This section offers tips about how to move the user through the virtual world.

Implementing locomotion in VR is one of the most difficult things to do, and one of the most important to get right. Poorly designed or improperly implemented locomotion can easily make even seasoned VR users uncomfortable or sick.

For this guide locomotion refers to any acceleration, rotation, or movement not initiated by real-world movement of a user.

Locomotion in VR is usually a user’s avatar moving through the virtual environment (by walking/running or riding a vehicle) while the user’s real-world body is stationary. These situations can be uncomfortable because the user’s vision tells them they are moving through space, but their body perceives the opposite (vestibular sense and proprioception). This illusory perception of self-motion from vision alone has been termed vection, and is a major underlying cause of visually induced VR discomfort.

It is especially important when designing locomotion that you test your experience with a wide audience of users. Your app’s developers may have learned to tolerate the locomotion mechanism that you implement and are not a good representation of the average user.

General Guidelines

In general, there are some things about locomotion and user comfort that you should know when designing your VR experience.

Consider the type of app you’re designing and audience you’re designing for. Apps that wish to target a broad, novice audience may wish to avoid acceleration completely. Some apps have successfully incorporated more intense locomotion schemes, but these experiences may limit the number of potential users. If you choose to implement a more intense locomotion method, we recommend also implementing a comfort mode that is less intense for other users.

Acceleration in VR not initiated by a user’s real-world movement is the primary cause of discomfort in VR experiences. Acceleration is any change in velocity in any direction. Acceleration can refer to decreasing the speed of movement, rotating or turning, and moving (or ceasing to move) sideways or vertically. Acceleration conveyed visually but not to the vestibular organs constitutes a sensory conflict that can cause discomfort.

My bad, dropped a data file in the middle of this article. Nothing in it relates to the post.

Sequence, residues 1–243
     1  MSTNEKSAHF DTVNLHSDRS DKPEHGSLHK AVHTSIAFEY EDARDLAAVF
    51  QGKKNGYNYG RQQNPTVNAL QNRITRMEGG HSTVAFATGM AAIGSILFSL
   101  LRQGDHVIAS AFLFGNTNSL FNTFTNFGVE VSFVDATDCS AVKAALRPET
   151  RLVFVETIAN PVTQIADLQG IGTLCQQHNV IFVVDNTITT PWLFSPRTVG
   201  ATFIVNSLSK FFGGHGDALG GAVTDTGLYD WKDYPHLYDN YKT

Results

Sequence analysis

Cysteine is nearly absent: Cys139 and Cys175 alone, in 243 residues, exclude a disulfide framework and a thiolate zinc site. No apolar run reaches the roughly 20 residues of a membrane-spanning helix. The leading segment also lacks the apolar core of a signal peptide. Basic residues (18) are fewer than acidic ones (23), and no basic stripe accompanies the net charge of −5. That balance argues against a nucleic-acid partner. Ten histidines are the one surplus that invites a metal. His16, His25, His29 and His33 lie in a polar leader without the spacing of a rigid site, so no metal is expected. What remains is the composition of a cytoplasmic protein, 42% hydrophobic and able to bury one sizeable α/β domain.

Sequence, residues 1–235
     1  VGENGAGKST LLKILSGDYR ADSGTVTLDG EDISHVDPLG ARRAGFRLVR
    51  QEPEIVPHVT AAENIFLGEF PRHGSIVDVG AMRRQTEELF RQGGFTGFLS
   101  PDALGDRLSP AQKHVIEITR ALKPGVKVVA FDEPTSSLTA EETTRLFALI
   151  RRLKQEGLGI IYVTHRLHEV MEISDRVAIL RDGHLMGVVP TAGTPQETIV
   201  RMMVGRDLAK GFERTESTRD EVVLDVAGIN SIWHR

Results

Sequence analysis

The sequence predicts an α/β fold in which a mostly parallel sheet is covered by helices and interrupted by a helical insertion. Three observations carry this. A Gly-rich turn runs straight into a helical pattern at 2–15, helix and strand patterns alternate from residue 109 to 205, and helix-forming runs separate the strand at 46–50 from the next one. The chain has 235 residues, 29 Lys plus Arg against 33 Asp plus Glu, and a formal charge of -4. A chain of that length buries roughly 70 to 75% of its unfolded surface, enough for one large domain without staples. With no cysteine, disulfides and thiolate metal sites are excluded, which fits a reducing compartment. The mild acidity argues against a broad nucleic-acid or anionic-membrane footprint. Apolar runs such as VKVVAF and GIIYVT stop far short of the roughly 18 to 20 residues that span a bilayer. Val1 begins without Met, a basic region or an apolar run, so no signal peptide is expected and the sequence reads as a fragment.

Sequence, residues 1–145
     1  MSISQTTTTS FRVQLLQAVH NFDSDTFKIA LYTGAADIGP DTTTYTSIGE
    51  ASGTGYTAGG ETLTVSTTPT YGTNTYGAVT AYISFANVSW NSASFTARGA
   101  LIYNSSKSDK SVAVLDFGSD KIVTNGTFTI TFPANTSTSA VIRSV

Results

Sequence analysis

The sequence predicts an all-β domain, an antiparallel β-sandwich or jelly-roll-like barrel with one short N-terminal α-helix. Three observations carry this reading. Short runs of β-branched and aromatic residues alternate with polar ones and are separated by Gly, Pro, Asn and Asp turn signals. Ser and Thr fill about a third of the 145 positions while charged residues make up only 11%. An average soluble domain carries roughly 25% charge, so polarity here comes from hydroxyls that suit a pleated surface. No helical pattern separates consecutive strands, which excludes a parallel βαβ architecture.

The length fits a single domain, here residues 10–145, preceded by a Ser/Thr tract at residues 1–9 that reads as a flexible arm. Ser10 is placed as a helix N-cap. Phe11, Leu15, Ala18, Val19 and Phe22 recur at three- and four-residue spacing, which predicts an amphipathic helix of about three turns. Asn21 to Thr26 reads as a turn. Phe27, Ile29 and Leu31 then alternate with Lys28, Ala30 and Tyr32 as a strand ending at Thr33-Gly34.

Discomfort may increase as the frequency, size, and duration of the acceleration increases. Any period of visually-presented acceleration represents a conflict between senses, and it is best to avoid them as much as possible.

Speed and discomfort in VR do not demonstrate a straightforward relationship to one another. Slow speeds (i.e. slow-motion) have been reported as less discomforting than a normal pace of human locomotion. Unnaturally rapid velocity has also been shown to be less discomforting than a normal human pace. As a reference, human locomotion generally falls between 1.4 m/s (walking) and 3 m/s (light jog).

Allowing user control over the motion they experience can minimize discomfort. Allowing users to initiate the movement they experience appears to reduce discomfort, especially when the real-world movement and VR movement map 1:1. Allow users to move themselves around the virtual world instead of taking them for a ride.

Direction of locomotion impacts the comfort of users in VR. In the real world, we most often stand still or move forward. We rarely back up, and we almost never strafe (move side to side). Therefore, when movement is necessary, forward user movement is most comfortable. Left or right lateral movement is more problematic because we don’t normally walk sideways and it presents an unusual optic flow pattern to the user.

Pixel flow or noise should be minimized when a user is moving in VR, especially in the user’s periphery. Avoid moving users through enclosed spaces, like hallways. Open environments are typically more comfortable for users.

VR Locomotion Techniques

We’re still in the early days of exploring VR locomotion. So far, we haven’t found the “magic bullet” for locomotion that works with uniform efficacy across all users. These methods may have some trade-off in the user’s experience, and that experience will vary from person to person. It may be beneficial to offer users flexibility and a range of options in mitigating discomfort than to impose any one solution on them.

The general theme among these methods are that they all are intended to avoid the conflict for the user, by convincing the brain that the user is not in fact moving, that essentially their senses are correct. This means that sufficient visual cues need to be present to reinforce the senses perception of the actual motion.

Most users will acclimate to your VR experience over time making them less susceptible to discomfort. You may choose to offer more comfortable experiences early, then introduce more intense experiences later in the app.

There may be some users who are discomforted by the methods you choose for locomotion. Consider including a comfort mode to reach as broad of an audience as possible.